Rencontres Improbables
(the secret encounters of Kusama Kalthoum)

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  • 3 septembre 2016

Exhibition on view from September 3rd to October 1st 2016

Opening Saturday September 3rd – 19 pm

]oqbo[ raum fûr bild wort und ton
Brunnenstrasse 63 / 13355 Berlin
Open : Thursday Friday Saturday 3 pm – 6 pm

Events :


recontres-improbables-qr-code-dominique-lacloche-2016Three dimensional sound work composed by Thomas Bottini + Dominique Lacloche,
PRIMO TEMPO 1.01 – 16 min, audio
voices: Tala Hadid + Christine Bergström
violin: Arman Grigorian
crystal orgue: Steve Shehan
Please click on the link or scan QR code



Composed by Dominique Lacloche and Thomas Bottini.

This piece uses multiple audio channels that absorb into one another, dispersing into their own tonal and temporal identities into a three-dimensional soundscape. Audio tracks extend into one another, accumulating a complex singular spatial experience in which the genesis and disintegration of sonic material is in constant motion. The work was composed and mixed for speakers and a subwoofer, then recorded three times at three degrees of proximity with a binaural stereo microphone. The effect of this technical approach is to simulate the properties of the human ear, recreating the perceptive apparatus of the brain and body within a threedimensional space.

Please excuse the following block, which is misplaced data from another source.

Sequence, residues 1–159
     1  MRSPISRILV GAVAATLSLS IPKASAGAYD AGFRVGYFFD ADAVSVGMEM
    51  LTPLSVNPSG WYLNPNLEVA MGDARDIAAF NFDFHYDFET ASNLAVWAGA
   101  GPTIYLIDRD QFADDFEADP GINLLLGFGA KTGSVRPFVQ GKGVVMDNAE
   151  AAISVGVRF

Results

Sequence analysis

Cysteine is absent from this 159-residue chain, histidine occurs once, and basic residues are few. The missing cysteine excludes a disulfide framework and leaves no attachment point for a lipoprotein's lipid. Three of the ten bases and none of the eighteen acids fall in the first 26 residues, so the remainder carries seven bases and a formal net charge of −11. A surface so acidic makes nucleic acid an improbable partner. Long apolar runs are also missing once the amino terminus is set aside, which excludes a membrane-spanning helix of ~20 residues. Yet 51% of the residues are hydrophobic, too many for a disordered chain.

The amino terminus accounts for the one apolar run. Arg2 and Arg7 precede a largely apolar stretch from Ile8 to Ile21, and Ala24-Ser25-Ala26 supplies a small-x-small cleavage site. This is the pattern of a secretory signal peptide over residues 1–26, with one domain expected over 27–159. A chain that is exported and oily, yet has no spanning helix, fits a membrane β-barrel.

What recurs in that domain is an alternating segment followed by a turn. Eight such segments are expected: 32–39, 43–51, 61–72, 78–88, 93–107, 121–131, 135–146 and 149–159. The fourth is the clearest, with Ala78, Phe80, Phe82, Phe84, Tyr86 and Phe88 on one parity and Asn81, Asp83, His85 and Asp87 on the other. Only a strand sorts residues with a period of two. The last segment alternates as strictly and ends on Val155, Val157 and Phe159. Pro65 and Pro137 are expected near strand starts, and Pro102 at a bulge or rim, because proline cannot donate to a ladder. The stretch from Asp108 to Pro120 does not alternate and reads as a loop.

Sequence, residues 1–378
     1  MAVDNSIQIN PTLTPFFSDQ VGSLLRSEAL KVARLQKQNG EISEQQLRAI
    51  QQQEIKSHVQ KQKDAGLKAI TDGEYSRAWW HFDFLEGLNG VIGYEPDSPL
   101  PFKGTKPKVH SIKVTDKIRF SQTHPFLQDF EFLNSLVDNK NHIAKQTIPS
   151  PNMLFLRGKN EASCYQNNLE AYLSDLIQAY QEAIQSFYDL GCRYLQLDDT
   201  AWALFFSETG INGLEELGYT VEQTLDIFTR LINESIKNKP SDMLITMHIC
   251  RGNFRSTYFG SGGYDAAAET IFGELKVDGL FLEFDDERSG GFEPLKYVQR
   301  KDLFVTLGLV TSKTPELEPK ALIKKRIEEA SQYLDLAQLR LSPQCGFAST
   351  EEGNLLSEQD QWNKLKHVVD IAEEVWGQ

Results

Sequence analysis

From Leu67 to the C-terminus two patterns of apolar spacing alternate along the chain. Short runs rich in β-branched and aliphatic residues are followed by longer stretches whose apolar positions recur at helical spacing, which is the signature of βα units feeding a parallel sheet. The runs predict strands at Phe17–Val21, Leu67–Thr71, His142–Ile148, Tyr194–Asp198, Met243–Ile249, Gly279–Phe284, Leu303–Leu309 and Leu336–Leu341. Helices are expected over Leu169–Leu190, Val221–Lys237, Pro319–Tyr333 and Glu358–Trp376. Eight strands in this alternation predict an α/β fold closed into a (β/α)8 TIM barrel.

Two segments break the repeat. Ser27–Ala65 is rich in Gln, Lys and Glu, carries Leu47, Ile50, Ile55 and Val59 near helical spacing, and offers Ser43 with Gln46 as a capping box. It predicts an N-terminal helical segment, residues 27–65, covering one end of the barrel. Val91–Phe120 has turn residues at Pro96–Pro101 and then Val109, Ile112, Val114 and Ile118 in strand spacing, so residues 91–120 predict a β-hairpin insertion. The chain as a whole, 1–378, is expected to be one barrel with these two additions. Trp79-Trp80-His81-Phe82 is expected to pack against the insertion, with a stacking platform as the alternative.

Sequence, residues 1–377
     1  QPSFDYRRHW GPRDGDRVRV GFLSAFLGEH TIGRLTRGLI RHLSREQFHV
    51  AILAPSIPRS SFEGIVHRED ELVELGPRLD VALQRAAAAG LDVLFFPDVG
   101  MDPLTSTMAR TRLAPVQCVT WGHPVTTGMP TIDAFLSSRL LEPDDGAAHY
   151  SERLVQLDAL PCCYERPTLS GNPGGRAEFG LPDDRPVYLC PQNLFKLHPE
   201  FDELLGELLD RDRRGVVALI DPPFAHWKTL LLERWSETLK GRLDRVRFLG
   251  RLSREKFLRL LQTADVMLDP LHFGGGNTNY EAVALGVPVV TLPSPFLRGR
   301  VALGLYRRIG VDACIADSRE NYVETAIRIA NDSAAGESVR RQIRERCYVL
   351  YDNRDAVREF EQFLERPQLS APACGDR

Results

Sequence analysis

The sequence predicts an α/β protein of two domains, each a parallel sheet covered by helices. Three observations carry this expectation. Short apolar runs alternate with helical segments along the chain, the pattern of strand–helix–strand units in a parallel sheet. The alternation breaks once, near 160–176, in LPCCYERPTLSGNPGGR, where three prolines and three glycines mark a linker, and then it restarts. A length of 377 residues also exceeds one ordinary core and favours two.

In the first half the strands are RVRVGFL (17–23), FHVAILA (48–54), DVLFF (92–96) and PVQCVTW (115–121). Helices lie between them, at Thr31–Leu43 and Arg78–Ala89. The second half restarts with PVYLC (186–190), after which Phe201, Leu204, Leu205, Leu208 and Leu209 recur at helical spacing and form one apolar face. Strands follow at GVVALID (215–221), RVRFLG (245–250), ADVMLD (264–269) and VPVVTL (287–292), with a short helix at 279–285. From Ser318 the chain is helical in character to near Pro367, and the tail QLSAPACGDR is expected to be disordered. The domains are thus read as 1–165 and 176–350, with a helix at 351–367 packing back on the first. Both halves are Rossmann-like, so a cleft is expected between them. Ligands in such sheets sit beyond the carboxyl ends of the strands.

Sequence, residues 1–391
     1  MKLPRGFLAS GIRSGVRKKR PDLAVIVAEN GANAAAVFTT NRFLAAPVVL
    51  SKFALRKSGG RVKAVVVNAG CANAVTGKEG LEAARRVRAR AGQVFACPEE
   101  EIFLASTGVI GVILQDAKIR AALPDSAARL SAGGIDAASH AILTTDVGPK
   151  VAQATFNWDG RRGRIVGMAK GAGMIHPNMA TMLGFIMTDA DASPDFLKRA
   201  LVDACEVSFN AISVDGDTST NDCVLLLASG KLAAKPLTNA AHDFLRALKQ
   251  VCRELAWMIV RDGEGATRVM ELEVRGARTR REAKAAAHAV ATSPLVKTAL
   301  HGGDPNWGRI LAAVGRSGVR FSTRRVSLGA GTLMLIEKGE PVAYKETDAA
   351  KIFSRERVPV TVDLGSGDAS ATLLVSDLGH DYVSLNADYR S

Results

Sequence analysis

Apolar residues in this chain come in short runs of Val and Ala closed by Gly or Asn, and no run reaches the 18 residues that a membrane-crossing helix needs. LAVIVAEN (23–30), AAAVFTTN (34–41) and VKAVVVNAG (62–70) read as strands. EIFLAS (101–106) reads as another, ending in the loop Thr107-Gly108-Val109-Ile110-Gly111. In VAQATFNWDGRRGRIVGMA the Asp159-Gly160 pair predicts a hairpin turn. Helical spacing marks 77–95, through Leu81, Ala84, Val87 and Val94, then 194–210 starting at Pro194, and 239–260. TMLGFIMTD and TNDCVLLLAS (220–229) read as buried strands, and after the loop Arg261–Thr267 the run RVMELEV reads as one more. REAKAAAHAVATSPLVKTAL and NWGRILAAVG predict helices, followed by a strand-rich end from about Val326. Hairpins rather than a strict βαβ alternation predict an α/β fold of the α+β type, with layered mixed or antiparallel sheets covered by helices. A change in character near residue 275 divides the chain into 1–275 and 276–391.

The alternation and mixing of the three recordings, beyond their tonal range and temporal sequencing, allows the work to violently intervene into the spatial arrangement of the work. Sonic elements transit into physical space, whether fractal or continuous, all the time preserving the listeners point of ‘auditory view’. The auditory pallet for this work was made of sounds captured with both binaural and stereo microphones. The major compositional directions were the transformation of natural concrete sounds – ice, water, wind, plants, animals – by using specific digital processes such as granulation, convolution, extreme timestretching and micro-editing.

The generating of rhythmic structures, either from mathematical algorithms or by isolating interesting temporal structures of natural concrete sounds like rain for instance. Isolating the noise from the tonal harmonics of some traditional musical tools such as Asian ritual and European Renaissance instruments. Finally, we applied randomization strategies to all of the musical parameters within the piece. These tools permitted us to create for the listener an autonomous perceptive within the space obeying its own internal organizational laws.